In addition to such well-known hits as "Tom Dooley," "A Worried Man," "Where Have All The Flowers Gone" and "Reverend Mr. Black" (the latter of which had reached the Top Ten in 1963), The Trio, over the years, had also recorded certain songs that would become bigger hits for others. A partial list includes "Seasons In The Sun" (a Number One hit for Terry Jacks in 1974), "The First Time Ever I Saw Your Face" (Number One for Roberta Flack in 1972), and "It Was A Very Good Year" (which would become most synonymous with Dorothy Kilgallen's bitter arch-enemy, Frank Sinatra). In addition, after the original Trio disbanded in 1967, Bob Shane tested the waters for a potential solo career and released two singles. His second single, a recording of a sentimental ballad called "Honey," written by Bobby Russell, was test-released in certain markets by Decca Records and went nowhere. The song went on to become a Number One hit for Bobby Goldsboro (United Artists single #UA 50283) in the spring of 1968. Shane would go on to re-form The Kingston Trio with new members. The group still performs today in 2006, although Shane has since retired from The Trio due to health problems. - W-B

      • Kingston Trio member John Stewart would later gain fame for writing the classic Monkees' tune "Daydream Believer" (Colgems single #66-1012) which went to number one in 1967. He also would have a hit on his own with the song "Gold" in 1979 (RSO single #RS 931). That song was produced by Fleetwood Mac's Lindsey Buckingham and featured backing vocals by another Fleetwood Mac member, Stevie Nicks. "Gold" originated from the album "Bombs Away Dream Babies" (RSO RS-1-3051), the title of which was derived from a phrase used by John's Kingston Trio predecessor, Dave Guard, in lieu of counting down prior to starting a song. - Sargebri + W-B

      • The Kingston Trio explained how they chose their group name. They said that during the time the trio was formed, Calypso music was popular, as were the songs of Harry Belafonte. They explained that they quickly needed a name and chose the name "Kingston" in tribute to the city of Kingston, Jamaica. Established in 1957, the original Kingston Trio members were Bob Shane, Dave Guard and Nick Reynolds. Dave Guard left The Trio in 1961 and was replaced by John Stewart. John Stewart would later gain fame as a solo artist as well as a songwriter. He wrote "Daydream Believer" for The Monkees, which wound up becoming a million selling number-one single. - Suzanne (2004)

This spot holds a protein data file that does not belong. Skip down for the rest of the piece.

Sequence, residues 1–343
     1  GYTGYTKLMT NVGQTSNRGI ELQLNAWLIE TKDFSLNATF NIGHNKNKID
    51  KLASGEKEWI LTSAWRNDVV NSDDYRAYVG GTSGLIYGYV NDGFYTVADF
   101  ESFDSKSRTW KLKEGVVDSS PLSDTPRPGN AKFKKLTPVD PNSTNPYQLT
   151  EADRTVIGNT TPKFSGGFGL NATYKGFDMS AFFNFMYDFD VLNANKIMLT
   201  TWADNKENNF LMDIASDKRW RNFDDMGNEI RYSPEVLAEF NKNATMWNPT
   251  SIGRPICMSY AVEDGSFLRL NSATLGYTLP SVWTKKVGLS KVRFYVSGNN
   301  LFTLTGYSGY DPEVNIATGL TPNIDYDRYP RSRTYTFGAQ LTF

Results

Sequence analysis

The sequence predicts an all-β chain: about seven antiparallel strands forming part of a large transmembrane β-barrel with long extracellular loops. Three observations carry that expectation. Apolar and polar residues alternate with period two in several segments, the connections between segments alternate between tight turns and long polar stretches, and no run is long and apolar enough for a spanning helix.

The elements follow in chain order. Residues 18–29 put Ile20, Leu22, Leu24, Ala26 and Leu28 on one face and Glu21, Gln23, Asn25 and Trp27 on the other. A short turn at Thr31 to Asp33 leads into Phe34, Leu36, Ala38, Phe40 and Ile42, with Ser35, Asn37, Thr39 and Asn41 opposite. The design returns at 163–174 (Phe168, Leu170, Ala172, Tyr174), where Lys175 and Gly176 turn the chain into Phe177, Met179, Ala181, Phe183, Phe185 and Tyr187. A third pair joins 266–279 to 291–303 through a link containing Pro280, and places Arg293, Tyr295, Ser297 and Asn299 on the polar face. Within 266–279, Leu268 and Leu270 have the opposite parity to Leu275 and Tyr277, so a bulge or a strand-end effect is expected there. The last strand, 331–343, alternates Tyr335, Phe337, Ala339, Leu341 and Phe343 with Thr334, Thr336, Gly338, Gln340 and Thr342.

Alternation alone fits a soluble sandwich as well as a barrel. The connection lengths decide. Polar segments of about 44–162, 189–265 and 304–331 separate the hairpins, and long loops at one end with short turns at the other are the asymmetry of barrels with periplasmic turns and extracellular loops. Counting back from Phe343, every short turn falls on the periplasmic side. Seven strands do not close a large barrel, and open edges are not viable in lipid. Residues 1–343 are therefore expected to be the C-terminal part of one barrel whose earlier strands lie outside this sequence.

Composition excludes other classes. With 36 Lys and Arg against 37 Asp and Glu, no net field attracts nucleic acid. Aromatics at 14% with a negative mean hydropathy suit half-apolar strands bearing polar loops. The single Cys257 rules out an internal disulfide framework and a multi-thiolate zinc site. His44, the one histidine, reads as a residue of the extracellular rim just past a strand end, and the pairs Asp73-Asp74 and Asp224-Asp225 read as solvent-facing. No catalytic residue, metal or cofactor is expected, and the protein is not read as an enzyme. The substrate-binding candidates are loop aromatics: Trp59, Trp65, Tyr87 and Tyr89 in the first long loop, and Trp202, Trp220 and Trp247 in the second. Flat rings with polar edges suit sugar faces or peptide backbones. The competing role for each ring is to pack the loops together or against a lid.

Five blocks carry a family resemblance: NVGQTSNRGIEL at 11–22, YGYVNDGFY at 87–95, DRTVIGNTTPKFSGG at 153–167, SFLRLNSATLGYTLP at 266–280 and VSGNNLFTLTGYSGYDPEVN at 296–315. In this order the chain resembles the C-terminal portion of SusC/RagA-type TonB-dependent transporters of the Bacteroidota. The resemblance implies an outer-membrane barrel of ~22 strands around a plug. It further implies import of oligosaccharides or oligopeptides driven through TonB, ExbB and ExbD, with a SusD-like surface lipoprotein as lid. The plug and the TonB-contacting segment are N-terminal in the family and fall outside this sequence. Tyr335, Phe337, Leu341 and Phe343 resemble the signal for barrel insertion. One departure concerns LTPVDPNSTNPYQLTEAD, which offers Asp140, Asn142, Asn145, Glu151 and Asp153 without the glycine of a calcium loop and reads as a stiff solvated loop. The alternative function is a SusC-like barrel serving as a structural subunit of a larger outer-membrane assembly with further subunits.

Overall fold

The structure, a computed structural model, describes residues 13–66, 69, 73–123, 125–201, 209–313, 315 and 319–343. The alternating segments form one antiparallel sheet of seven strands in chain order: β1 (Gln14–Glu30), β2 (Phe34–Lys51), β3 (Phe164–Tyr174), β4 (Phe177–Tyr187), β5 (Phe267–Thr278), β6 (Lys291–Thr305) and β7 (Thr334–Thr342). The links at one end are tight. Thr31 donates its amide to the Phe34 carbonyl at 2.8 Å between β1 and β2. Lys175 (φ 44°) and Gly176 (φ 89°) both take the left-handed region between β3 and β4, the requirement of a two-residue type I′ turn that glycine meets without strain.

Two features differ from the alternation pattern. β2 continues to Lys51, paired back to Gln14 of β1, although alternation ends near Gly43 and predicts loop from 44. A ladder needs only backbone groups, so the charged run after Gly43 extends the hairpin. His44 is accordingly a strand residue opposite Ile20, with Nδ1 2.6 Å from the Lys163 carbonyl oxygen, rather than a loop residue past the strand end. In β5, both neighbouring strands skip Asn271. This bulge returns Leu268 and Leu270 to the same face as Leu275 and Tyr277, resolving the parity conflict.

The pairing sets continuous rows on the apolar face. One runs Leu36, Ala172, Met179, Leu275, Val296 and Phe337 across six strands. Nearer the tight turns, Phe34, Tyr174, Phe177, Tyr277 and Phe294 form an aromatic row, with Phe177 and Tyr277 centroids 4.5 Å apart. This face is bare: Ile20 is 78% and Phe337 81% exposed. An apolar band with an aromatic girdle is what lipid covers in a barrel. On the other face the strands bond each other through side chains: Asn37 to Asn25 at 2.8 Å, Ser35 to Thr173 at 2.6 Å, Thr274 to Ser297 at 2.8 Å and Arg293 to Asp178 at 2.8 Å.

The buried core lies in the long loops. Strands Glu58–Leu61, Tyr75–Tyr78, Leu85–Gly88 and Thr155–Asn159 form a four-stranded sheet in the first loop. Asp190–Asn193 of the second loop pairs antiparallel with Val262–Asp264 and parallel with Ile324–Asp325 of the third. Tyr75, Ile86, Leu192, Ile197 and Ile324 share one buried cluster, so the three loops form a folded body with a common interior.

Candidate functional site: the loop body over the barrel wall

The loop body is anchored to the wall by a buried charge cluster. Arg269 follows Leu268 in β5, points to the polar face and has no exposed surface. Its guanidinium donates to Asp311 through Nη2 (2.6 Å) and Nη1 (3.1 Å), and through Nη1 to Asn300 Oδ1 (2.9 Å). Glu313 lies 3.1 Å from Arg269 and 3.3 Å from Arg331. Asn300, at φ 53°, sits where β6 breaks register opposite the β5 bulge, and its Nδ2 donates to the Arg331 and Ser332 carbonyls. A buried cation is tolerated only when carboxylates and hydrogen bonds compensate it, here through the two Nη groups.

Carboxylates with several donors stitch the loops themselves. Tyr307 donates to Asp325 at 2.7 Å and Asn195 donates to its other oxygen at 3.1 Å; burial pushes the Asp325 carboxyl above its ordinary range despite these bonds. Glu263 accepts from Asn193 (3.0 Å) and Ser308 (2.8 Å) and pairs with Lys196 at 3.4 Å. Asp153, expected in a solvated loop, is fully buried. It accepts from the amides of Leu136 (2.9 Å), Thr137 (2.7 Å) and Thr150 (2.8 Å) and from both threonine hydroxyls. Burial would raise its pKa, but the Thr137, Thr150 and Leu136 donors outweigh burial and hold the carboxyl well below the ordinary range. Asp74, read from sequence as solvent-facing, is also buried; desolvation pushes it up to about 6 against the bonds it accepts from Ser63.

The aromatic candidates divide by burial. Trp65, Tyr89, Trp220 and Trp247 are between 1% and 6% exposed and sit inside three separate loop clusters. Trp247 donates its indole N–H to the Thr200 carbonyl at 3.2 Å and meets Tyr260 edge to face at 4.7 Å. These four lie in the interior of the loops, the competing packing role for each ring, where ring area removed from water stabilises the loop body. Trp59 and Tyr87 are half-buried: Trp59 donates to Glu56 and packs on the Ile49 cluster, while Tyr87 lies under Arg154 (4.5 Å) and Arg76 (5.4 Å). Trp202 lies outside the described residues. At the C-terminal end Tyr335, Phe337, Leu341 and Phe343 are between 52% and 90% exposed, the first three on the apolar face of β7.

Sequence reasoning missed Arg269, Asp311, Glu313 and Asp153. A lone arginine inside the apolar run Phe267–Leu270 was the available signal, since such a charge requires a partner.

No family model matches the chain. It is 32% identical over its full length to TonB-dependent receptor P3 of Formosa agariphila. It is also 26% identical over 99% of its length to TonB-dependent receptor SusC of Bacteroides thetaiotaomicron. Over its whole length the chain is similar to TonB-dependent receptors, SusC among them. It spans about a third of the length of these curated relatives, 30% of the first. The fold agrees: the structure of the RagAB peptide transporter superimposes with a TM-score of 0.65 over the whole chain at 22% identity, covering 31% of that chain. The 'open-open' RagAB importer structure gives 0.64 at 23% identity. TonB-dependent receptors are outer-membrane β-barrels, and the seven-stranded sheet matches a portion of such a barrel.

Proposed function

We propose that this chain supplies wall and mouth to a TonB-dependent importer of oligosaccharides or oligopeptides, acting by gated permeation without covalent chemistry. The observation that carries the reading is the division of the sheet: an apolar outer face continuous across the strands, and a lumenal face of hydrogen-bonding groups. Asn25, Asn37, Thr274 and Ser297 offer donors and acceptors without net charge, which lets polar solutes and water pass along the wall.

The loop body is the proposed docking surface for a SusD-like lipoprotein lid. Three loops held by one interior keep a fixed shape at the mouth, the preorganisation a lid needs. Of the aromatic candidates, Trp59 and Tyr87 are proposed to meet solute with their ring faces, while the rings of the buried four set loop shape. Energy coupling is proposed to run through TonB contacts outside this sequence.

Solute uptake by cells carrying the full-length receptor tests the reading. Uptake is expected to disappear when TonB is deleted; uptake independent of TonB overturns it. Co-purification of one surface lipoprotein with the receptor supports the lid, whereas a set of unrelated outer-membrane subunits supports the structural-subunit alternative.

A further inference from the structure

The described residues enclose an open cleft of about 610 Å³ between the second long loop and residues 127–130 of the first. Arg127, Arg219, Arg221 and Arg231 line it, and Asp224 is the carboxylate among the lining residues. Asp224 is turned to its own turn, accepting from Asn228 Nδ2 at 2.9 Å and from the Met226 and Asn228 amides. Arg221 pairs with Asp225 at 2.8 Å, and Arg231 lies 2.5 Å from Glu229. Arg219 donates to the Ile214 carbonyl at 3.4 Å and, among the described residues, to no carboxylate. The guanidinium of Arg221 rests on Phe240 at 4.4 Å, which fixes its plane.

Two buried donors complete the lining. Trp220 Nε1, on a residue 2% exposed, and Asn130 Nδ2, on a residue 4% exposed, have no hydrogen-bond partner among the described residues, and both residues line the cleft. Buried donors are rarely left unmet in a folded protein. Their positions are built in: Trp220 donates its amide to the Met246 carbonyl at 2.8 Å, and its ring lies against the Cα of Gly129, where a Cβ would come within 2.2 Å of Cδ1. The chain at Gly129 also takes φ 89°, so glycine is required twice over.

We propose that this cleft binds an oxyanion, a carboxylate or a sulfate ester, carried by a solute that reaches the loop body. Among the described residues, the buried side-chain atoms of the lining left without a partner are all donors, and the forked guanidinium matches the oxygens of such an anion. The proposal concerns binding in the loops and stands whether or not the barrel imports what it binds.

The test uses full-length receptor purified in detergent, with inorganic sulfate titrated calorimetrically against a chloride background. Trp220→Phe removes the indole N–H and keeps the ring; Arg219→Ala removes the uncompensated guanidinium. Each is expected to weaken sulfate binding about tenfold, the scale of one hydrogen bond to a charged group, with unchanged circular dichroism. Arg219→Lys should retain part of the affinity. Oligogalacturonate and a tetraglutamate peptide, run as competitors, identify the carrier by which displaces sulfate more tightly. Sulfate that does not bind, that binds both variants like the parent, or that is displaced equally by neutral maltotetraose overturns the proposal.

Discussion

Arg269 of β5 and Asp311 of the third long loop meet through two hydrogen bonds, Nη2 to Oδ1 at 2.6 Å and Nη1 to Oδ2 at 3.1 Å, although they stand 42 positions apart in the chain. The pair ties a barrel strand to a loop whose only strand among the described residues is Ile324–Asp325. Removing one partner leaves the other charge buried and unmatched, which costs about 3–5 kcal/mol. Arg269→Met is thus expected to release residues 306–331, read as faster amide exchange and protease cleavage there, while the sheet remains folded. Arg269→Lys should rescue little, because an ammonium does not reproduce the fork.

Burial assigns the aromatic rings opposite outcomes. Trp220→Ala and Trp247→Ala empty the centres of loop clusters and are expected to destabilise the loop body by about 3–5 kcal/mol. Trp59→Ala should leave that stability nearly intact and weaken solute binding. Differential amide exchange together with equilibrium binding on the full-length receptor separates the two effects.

More information can be found on their web site:

        http://www.kingstontrio.com/

      • TWO TONYS TONIGHT: Tony Randall is a guest panelist and Phyllis Newman won a 1962 Tony Award for excellence on Broadway in her play, "Subways Are for Sleeping." She won the award for "Best Featured Actress in a Musical." This musical played at the St. James Theatre and ran for 205 total performances. - Suzanne

      • At the time of the original airing of tonight's show, Dorothy Kilgallen is possibly still in London, England, as was announced on the July 14, 1963 episode. However, tonight's episode was taped prior to the transmission of the live EPISODE #656 of March 24, 1963, which was the week Dorothy began her second treatment at the LeRoy Sanitarium in New York City to try to combat her recurring substance abuse issues. - Suzanne + W-B

      • Panel: Arlene Francis, Tony Randall, Phyllis Newman, Bennett Cerf.

      • During the end credits, Johnny Olson announced that this episode was prerecorded. From Gil Fates' logs, we know this episode was taped on March 24, 1963. - Suzanne